12 February 2010 16:18 [Source: ICIS news]
By John Richardson
One view, already well rehearsed in previous Insight pieces, is that this is further evidence of a speculative bubble that will pop as a result of tighter bank lending in
There is even greater pressure on the “bubble” following
The optimistic opinion is that widely reported high inventory levels will be quickly absorbed when the Chinese Lunar New Year holidays come to an end (the official holidays in
High stocks are being reported both in bonded warehouses (for imported US dollar-priced material) and in other warehouses (for locally, yuan-priced product).
“Around 1.3m-1.4m tonnes of polyolefins were delivered to
This suggests that there might be inventory pressures in
So what drove reports of in the context of what is already going to be a stellar year for shipments to
“In early November, linear low density polyethylene (LLDPE) prices for physical cargoes were below those on [the]
“The stronger futures pricing in early November reflected crude increasing to around $82/bbl and forecasts from banks that it would reach $95-100/tonne in 2010,” he added.
“It was also down to confidence that Chinese growth would remain very robust in 2010.
“[The] Dalian is used as a proxy for the direction of all physical polyolefin pricing, and so we saw a lot of interest from traders in acquiring all grades of PE and polypropylene (PP) to ship to China, after this early November turning point.”
Low density PE (LDPE) was also buoyed by very tight supply due to outages, he said.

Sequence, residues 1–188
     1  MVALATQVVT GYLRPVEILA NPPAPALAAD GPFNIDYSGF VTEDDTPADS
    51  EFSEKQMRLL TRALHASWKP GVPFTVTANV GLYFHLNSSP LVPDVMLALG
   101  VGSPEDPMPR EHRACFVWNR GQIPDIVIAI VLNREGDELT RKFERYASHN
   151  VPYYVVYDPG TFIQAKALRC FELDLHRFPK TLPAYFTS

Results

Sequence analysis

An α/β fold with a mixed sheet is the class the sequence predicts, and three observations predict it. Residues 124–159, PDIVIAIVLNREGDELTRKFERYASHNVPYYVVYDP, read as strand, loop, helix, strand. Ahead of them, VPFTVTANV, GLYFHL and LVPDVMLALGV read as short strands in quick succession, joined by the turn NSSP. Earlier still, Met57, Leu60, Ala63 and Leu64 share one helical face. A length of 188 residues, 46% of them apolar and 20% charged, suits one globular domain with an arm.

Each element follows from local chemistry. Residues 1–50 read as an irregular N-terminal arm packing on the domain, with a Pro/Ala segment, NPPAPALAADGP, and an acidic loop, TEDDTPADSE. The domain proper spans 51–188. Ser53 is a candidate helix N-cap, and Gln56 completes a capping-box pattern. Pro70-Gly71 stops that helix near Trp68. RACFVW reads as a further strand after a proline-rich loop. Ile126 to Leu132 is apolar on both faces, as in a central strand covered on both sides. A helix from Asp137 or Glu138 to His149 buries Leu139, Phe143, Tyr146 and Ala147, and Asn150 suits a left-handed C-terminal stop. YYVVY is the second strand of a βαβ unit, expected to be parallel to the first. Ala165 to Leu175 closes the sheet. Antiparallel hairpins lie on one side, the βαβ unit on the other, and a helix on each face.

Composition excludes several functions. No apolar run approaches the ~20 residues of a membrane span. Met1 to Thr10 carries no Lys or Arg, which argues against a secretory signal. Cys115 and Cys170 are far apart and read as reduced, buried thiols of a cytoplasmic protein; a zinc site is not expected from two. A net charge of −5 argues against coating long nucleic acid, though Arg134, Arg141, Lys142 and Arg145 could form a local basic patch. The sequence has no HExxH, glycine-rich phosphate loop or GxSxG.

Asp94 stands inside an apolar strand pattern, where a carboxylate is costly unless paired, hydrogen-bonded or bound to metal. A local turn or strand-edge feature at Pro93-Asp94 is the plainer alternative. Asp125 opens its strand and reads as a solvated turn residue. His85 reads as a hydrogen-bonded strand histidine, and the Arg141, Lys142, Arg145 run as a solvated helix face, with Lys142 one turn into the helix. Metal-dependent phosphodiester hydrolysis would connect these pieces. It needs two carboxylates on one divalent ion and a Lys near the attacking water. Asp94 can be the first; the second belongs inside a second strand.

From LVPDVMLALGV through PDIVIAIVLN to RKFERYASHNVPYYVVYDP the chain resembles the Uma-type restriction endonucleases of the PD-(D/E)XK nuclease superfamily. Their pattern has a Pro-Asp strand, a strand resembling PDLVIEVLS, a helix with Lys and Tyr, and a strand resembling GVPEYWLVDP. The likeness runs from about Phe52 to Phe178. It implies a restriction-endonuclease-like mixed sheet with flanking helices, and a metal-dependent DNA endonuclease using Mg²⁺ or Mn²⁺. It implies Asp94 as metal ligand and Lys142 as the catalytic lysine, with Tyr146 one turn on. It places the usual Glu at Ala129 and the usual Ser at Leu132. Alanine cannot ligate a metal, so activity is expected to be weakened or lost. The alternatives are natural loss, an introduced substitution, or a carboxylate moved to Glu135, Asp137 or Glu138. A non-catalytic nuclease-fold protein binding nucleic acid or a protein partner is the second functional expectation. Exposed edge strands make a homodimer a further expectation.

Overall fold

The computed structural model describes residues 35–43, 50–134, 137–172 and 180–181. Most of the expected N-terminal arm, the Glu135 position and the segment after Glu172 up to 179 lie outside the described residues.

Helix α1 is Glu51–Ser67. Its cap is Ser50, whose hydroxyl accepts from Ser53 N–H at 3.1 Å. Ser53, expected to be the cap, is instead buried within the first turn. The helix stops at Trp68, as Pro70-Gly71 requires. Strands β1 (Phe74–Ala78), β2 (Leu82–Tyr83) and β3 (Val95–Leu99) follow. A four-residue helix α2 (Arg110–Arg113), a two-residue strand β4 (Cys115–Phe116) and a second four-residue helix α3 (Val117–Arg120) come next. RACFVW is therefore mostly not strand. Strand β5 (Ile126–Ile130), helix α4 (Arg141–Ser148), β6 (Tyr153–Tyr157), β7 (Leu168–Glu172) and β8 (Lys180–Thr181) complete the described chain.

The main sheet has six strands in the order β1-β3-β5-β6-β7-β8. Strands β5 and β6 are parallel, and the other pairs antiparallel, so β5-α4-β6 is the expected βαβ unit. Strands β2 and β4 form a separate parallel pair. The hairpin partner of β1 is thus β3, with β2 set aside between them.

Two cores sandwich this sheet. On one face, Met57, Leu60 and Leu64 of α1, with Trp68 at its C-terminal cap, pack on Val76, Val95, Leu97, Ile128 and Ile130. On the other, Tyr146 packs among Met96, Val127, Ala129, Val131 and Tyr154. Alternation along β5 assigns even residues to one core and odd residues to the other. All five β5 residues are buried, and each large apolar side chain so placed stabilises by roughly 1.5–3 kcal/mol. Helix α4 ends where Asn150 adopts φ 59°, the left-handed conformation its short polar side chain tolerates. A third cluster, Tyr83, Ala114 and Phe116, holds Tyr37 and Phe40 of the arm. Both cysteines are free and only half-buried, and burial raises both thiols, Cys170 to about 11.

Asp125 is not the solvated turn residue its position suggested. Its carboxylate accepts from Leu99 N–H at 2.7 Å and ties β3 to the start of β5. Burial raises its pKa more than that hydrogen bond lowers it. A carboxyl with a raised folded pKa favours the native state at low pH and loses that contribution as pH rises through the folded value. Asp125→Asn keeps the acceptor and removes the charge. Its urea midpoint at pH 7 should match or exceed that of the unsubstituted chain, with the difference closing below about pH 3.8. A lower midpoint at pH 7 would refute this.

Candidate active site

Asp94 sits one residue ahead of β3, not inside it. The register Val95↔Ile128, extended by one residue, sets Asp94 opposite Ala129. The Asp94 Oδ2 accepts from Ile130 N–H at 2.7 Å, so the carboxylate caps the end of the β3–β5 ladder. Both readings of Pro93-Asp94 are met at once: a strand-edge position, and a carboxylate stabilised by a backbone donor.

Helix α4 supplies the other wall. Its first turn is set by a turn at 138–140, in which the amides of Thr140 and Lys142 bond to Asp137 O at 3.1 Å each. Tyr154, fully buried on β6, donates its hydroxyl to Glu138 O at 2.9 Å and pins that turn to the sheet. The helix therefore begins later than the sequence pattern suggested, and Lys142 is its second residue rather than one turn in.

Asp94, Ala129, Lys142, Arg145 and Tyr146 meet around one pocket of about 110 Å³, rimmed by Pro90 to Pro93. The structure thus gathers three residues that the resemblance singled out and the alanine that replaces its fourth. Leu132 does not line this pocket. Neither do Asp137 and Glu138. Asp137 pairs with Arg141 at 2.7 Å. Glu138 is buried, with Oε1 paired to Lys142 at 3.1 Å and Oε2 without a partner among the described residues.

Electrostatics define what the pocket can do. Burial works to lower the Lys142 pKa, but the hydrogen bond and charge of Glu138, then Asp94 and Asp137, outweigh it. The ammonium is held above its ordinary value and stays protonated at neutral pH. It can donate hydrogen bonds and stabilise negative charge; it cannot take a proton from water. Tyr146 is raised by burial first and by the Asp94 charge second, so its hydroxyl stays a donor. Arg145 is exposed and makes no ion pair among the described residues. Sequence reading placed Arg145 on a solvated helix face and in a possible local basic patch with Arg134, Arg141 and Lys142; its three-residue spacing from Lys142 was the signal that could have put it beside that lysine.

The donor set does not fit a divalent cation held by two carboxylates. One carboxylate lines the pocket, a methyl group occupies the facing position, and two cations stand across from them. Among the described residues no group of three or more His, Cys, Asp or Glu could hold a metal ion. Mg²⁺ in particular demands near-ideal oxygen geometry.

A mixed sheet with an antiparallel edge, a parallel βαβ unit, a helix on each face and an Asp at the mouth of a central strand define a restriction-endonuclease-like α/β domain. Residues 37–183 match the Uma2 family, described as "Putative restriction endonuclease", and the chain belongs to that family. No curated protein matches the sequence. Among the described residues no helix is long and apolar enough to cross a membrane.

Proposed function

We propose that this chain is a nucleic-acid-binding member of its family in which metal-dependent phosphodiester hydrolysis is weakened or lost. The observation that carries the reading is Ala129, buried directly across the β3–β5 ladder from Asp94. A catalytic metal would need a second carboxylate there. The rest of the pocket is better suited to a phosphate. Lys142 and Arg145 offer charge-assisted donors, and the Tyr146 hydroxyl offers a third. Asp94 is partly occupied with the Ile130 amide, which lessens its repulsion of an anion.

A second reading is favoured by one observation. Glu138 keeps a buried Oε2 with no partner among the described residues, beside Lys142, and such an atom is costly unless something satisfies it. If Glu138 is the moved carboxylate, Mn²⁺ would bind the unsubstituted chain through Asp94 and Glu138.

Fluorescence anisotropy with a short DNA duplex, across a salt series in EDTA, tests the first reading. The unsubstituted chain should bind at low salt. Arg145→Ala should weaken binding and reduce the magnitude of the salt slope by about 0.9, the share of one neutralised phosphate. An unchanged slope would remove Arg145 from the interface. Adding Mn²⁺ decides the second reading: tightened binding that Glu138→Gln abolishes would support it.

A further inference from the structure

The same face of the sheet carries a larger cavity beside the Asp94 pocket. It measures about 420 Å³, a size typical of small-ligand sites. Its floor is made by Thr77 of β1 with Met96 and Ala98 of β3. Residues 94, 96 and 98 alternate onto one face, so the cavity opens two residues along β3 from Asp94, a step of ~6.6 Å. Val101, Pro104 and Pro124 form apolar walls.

The chart below, based on data from ICIS pricing, illustrates how a price rally in physical markets began in November, continued into December and tapered off in late January and early February.
This analysis of what drove increased imports and prices in November-January was supported by a source with a major global polyolefin producer.
“It’s easy to assume high inventories in
“On the growth side, yes, measures have already been taken to cool the property sector. There might also be a little less easy money available to fund speculation and discretionary spending on consumer goods.
“But I think this will be replaced by further strong consumption growth in less-developed regions, and huge government infrastructure spending throughout
“Infrastructure projects launched last year have yet to be completed with more spending on roads, railways etc still to come.”
The Singapore-based trader and the source with the producer both point to the absence of panic among the Chinese traders and distributors holding high stocks.
“Nobody is in a rush to liquidate. The reason is that despite the credit tightening, possible US restrictions on proprietary trading by banks and more anxiety over European government debt problems, polyolefin pricing has only edged down since late January,” said the trader.
Prices for several grades of PE in
Both PE and PP pricing were reported to be stable for the week ending 12 February as the Asian market was closed for the Lunar New Year holidays.
One might well ask what on earth the connection is between a possible
“The link is that on a day-to-day basis at least, sentiment in wider commodity and equity markets is playing an increasing role in what people are prepared to pay for polyolefins,” said the producer.
Low producer inventories outside
“Producers have managed their stocks so well that they can afford not to budge on what is pretty much theoretical pricing at the moment, as the market is so quiet ahead of the [Lunar New Year].”
Concurring with the producer’s view on continued strong economic growth in
“I think we will see these high polyolefin inventories easily absorbed as Chinese buying picks up ahead of the peak season for manufacturing finished goods, which occurs during the summer months.”
Let’s hope for everyone’s sake that he proves to be right, as further strong support from
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